Movers & Shakers: Antony Seppin on his new HCDC role, the Cincinnati startup scene and taking control of your career

Antony Seppin, Business Center Director at HCDC, Inc.

The newest addition to the Hamilton County Development Center leadership took a winding road to his current position. Antony Seppi started his career in marketing, worked for several private companies and thought he wanted to be a city manager. But his curious nature and love of innovation and the startup mindset drew him back to working with entrepreneurs, and he was named director of the HCDC’s business center in December. We sat down with Seppi to talk about his career, the Cincinnati community and his passion for working with founders.

You started your career working for private companies — how did you make your way to the HCDC?

It started with a career change. Coming out of college, I spent 10 or 15 years in the private sector working for startups, software firms and software development firms. I came to a point in my career where I wanted to make a pivot. I had always wanted to go back to school and get my master’s, so when I was between jobs I made the move and got my master’s in urban planning with a specialization in economic development at the University of Cincinnati. My first job was with the City of Hamilton. At the time, they had a new city manager who was all about disrupting things and making a change in a city that needed it. I learned a lot there.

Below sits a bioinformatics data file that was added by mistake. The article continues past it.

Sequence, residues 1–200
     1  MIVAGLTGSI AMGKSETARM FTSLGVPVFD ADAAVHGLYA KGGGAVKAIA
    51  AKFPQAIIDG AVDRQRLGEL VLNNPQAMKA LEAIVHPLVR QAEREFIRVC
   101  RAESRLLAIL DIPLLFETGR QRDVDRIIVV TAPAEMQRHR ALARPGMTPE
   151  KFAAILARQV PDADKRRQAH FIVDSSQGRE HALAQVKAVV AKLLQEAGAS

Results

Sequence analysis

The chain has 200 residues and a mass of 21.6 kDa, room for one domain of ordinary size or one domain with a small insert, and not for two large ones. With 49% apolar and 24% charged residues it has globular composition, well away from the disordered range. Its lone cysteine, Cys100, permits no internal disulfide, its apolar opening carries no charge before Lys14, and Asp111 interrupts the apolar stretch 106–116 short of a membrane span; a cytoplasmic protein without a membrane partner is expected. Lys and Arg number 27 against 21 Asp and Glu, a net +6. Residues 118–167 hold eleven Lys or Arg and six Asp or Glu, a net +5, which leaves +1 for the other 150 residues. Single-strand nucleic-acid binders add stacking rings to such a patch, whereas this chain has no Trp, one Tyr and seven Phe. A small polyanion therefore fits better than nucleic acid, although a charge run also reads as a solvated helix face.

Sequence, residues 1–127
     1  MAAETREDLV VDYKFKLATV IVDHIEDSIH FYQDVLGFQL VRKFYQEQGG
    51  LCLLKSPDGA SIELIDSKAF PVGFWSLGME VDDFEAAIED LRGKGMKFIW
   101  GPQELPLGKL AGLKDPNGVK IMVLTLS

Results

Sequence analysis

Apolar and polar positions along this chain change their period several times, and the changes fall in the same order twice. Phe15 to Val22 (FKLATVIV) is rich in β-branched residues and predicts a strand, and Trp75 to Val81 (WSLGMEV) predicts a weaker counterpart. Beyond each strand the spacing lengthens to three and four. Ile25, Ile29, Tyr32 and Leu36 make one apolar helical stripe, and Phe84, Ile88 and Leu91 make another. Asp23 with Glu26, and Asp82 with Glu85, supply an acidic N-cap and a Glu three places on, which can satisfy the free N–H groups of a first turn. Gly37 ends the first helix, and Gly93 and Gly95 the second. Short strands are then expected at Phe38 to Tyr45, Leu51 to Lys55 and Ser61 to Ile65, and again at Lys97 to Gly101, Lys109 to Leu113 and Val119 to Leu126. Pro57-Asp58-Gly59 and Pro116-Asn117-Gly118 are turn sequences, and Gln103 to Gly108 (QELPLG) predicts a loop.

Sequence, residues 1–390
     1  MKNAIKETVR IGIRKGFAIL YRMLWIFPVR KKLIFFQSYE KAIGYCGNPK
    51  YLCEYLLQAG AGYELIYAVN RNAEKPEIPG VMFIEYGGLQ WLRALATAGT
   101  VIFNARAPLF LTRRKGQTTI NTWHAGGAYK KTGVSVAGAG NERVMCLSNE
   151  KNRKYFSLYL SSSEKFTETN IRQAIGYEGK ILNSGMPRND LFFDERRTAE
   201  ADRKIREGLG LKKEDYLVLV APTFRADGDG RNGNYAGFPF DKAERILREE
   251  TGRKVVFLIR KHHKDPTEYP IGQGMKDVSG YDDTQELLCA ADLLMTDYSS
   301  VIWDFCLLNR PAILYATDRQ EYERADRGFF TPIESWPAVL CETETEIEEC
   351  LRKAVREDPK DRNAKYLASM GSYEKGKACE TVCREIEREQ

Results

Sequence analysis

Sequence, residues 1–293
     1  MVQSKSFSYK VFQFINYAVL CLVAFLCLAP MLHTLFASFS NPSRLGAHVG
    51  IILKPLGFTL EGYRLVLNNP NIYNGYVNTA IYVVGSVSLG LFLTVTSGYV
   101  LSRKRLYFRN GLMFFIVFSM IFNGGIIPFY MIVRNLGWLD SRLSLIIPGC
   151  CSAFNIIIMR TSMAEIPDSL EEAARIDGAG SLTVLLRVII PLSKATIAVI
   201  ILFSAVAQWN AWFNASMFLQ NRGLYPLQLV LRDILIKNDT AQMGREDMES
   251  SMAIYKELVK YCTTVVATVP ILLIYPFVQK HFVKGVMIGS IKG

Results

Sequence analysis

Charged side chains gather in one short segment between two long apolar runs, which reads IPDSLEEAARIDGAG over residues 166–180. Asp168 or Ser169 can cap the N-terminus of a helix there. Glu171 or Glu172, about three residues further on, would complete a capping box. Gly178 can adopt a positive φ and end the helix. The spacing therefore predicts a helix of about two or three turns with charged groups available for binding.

What accomplishments are you most proud of?

I’m really proud of the Pipeline H2O program that we started back in 2017. It brought together a lot of different organizations and partners to accelerate innovation in the water tech space. There are a lot of challenges here in Cincinnati, as it pertains to water. Infrastructure is aging, and it’s time to figure out how we pay for the sewers and water lines that are hundreds of years old. That was one component of the program. But the breweries also came to us and told us they were being fined on a regular basis by the EPA because of the waste and byproducts they were putting into the streams. And so they wanted some solutions and innovations to address that.

We brought in companies from around the world, as far away as Australia, and I’m proud of that fact. One entrepreneur from Australia actually lives here now and is growing his business here in Cincinnati. He saw enough value here in Cincinnati in the water innovation space to build his business here and then grow it from here. That’s what economic development is all about.

What attracted you to this new role?

When this opportunity arose, I jumped on it. I mean, it’s a top 10 incubator in the world, according to UBI Global, and we’re proud of that. I had the opportunity to kind of jump in and be a coach, advisor and mentor to 60 or 70 companies that are part of this program and that was my role the first two years here. I love that work, and it evolved into the role I have today. And our goal is to make startups, assist startups, help them be successful and help them through their entrepreneurial journey.